Browse

You are looking at 21 - 30 of 70 items for :

  • Anthropology x
Clear All
Open access

Active learning in criminal justice

The benefits of student investigation of wrongful convictions in a higher education setting

Jill Dealey

Abstract

Active learning, with students engaging in research or activities within the community, is a favoured approach in contemporary higher education. To support this approach, the Criminology and Forensic Studies programmes at the University of Winchester have included student research into miscarriages of justice. The students interrogate evidence from a criminal trial to attempt to establish if there has been a wrongful conviction. This article discusses the importance of this work for students of Criminology. It considers the contribution to the learning experience of the range of opportunities available to undergraduate and postgraduate students and evaluates the potential impact on curriculum and learning development during the degree programme, in addition to the benefits for future employment.

Open access

Anxiety and learning

Cultural polarisation in social science courses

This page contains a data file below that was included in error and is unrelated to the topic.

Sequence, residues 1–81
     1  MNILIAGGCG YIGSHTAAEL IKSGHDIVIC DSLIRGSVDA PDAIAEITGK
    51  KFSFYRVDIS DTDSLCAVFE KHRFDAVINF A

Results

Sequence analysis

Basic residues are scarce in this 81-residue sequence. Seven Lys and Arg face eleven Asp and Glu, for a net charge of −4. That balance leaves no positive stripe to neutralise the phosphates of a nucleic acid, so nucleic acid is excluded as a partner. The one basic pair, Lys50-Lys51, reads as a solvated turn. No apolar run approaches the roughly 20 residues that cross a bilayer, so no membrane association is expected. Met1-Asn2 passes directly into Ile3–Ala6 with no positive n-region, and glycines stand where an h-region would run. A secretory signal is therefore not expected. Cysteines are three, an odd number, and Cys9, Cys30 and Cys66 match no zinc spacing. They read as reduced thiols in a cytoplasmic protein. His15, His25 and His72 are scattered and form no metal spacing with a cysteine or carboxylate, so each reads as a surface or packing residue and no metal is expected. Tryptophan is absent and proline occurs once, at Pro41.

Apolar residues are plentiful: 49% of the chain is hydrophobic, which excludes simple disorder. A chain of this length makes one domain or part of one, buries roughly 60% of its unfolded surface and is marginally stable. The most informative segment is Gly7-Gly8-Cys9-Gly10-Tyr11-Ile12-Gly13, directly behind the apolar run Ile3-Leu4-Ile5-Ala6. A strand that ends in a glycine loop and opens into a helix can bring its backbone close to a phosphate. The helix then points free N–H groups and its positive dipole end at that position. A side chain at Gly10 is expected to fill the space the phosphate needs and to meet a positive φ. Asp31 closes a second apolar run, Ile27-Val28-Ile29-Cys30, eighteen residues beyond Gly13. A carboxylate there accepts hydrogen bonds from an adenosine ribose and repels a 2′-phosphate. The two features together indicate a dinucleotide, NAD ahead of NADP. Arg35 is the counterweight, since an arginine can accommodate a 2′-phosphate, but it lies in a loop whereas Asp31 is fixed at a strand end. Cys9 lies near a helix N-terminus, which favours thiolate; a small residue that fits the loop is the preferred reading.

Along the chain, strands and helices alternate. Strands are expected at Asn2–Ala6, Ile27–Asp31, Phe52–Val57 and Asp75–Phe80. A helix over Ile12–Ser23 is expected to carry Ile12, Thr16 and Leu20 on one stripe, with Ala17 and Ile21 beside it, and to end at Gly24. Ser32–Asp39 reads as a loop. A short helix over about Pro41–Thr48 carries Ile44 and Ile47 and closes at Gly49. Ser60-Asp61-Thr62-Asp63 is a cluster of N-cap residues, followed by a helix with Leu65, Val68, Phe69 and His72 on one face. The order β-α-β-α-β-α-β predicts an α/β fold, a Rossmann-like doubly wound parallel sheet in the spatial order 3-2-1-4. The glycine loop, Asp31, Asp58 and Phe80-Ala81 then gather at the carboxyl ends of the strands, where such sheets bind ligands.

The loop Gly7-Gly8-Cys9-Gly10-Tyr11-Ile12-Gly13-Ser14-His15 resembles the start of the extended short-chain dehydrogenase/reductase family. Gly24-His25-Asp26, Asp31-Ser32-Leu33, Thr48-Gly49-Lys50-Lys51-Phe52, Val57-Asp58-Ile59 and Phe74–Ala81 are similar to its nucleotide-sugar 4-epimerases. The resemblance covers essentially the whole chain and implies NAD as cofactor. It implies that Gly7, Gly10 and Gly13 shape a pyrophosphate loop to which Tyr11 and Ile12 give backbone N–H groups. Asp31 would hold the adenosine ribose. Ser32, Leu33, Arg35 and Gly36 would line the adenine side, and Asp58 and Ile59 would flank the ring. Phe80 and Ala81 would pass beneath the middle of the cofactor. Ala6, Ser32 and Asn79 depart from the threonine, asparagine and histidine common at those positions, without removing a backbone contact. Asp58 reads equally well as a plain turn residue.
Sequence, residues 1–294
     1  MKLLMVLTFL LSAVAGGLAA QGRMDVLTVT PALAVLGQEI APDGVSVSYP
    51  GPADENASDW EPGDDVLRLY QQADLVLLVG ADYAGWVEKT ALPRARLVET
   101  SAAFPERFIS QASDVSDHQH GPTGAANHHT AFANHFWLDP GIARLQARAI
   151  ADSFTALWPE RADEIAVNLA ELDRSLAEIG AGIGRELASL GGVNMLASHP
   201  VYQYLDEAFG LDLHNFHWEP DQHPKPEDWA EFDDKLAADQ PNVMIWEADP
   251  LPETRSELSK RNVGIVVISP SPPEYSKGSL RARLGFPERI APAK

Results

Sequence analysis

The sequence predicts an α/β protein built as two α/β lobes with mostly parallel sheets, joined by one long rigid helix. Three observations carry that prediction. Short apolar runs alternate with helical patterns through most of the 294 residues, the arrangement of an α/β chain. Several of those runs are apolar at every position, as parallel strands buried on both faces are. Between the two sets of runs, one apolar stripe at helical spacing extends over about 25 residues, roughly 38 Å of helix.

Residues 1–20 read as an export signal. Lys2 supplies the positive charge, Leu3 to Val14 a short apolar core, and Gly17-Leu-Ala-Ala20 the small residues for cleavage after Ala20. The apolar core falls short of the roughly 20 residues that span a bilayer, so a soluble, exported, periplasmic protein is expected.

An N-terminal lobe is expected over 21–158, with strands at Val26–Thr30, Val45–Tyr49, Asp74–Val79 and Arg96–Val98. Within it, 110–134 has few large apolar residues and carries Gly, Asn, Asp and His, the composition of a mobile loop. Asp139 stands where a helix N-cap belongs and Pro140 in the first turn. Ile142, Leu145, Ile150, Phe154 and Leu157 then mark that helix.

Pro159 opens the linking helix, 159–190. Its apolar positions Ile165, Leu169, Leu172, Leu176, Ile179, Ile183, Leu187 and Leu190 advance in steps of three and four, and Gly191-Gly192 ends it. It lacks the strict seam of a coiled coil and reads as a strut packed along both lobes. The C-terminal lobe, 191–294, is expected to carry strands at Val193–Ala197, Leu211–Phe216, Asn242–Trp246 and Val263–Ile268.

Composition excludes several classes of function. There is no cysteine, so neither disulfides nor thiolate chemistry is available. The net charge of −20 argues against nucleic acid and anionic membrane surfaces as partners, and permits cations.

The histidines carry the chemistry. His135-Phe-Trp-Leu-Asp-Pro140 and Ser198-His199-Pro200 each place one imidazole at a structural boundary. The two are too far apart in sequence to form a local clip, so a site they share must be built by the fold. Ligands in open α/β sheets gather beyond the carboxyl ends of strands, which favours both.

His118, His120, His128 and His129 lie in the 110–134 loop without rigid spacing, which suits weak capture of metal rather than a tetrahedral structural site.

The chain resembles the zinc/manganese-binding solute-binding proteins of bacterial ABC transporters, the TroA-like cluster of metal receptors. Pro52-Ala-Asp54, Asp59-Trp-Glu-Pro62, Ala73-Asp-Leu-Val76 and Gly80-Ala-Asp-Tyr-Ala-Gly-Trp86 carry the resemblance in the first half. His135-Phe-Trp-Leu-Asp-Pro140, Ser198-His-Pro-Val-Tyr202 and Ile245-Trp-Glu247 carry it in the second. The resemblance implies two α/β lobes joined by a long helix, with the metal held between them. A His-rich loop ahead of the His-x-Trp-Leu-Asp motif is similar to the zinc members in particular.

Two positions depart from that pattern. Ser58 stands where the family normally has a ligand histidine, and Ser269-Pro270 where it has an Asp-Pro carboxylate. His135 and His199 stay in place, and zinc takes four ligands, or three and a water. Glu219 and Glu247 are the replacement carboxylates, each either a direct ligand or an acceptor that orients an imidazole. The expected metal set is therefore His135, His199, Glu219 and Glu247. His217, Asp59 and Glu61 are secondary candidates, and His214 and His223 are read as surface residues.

Jose Leonardo Santos

Abstract

University social science instructors sometimes encounter student silence or quarrels around culturally contentious subjects. In a culture that promotes distrust around the issues they teach, how do professors perceive and cope with such difficulties? Preliminary research using qualitative interviews with teachers from two different US universities explores problems they encounter and strategies they employ in the face of student struggles with nuance and a phenomenon referred to here as polarisation anxiety. Professors strategise how to teach the complexity of phenomenon some students have been culturally predisposed to oversimplify, polarise or remain silent about.

Open access

Barbara Robertson and Mark J. Flowers

Abstract

The course materials students are expected to utilise in online instruction vary. Studies have shown that students tend to enjoy online courses with lecture videos more than those without, but few studies have measured the impact of lecture videos on student outcomes. Do lecture videos increase student understanding and retention, thus improving student outcomes? Students were provided with one or more study aids, video lecture, PowerPoint or instructor-created notes for learning about the role of the Electoral College in US presidential elections. We assessed student retention and understanding of the Electoral College with a quiz as an indicator of student outcomes. We found that the video lecture in combination with a PowerPoint was the most effective study aid.